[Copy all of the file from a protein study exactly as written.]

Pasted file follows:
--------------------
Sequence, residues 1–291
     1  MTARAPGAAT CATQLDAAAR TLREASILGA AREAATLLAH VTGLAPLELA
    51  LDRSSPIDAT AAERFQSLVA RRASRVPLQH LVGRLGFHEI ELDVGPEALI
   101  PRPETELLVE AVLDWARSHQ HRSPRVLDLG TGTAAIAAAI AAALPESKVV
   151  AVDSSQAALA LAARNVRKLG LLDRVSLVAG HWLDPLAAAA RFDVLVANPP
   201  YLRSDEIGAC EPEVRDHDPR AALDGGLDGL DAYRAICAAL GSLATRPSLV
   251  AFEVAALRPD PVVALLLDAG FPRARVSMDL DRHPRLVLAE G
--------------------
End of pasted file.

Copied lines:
Sequence, residues 1–291
     1  MTARAPGAAT CATQLDAAAR TLREASILGA AREAATLLAH VTGLAPLELA
    51  LDRSSPIDAT AAERFQSLVA RRASRVPLQH LVGRLGFHEI ELDVGPEALI
   101  PRPETELLVE AVLDWARSHQ HRSPRVLDLG TGTAAIAAAI AAALPESKVV
   151  AVDSSQAALA LAARNVRKLG LLDRVSLVAG HWLDPLAAAA RFDVLVANPP
   201  YLRSDEIGAC EPEVRDHDPR AALDGGLDGL DAYRAICAAL GSLATRPSLV
   251  AFEVAALRPD PVVALLLDAG FPRARVSMDL DRHPRLVLAE G